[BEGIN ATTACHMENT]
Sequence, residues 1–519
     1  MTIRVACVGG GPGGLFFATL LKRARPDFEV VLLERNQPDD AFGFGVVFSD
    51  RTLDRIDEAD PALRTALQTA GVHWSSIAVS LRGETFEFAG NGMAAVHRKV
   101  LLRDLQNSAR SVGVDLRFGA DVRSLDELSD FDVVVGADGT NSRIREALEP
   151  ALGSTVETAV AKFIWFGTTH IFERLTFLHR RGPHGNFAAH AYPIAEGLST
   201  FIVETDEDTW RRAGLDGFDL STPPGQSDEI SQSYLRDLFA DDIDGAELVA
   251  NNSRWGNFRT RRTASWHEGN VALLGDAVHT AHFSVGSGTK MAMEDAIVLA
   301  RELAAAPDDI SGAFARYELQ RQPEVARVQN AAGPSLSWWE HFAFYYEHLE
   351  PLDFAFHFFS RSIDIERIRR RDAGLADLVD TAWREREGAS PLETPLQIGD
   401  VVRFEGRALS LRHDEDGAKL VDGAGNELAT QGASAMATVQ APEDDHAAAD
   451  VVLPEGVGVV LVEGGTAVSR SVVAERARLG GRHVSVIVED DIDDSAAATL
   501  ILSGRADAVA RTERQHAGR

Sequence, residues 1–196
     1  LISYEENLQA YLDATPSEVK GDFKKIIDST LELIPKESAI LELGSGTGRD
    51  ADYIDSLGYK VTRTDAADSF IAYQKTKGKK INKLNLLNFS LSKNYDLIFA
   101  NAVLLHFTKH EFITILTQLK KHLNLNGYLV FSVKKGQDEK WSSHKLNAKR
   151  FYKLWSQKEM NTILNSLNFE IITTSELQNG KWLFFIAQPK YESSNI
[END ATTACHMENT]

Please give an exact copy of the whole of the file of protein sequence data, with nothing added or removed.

Sequence, residues 1–519
     1  MTIRVACVGG GPGGLFFATL LKRARPDFEV VLLERNQPDD AFGFGVVFSD
    51  RTLDRIDEAD PALRTALQTA GVHWSSIAVS LRGETFEFAG NGMAAVHRKV
   101  LLRDLQNSAR SVGVDLRFGA DVRSLDELSD FDVVVGADGT NSRIREALEP
   151  ALGSTVETAV AKFIWFGTTH IFERLTFLHR RGPHGNFAAH AYPIAEGLST
   201  FIVETDEDTW RRAGLDGFDL STPPGQSDEI SQSYLRDLFA DDIDGAELVA
   251  NNSRWGNFRT RRTASWHEGN VALLGDAVHT AHFSVGSGTK MAMEDAIVLA
   301  RELAAAPDDI SGAFARYELQ RQPEVARVQN AAGPSLSWWE HFAFYYEHLE
   351  PLDFAFHFFS RSIDIERIRR RDAGLADLVD TAWREREGAS PLETPLQIGD
   401  VVRFEGRALS LRHDEDGAKL VDGAGNELAT QGASAMATVQ APEDDHAAAD
   451  VVLPEGVGVV LVEGGTAVSR SVVAERARLG GRHVSVIVED DIDDSAAATL
   501  ILSGRADAVA RTERQHAGR

Sequence, residues 1–196
     1  LISYEENLQA YLDATPSEVK GDFKKIIDST LELIPKESAI LELGSGTGRD
    51  ADYIDSLGYK VTRTDAADSF IAYQKTKGKK INKLNLLNFS LSKNYDLIFA
   101  NAVLLHFTKH EFITILTQLK KHLNLNGYLV FSVKKGQDEK WSSHKLNAKR
   151  FYKLWSQKEM NTILNSLNFE IITTSELQNG KWLFFIAQPK YESSNI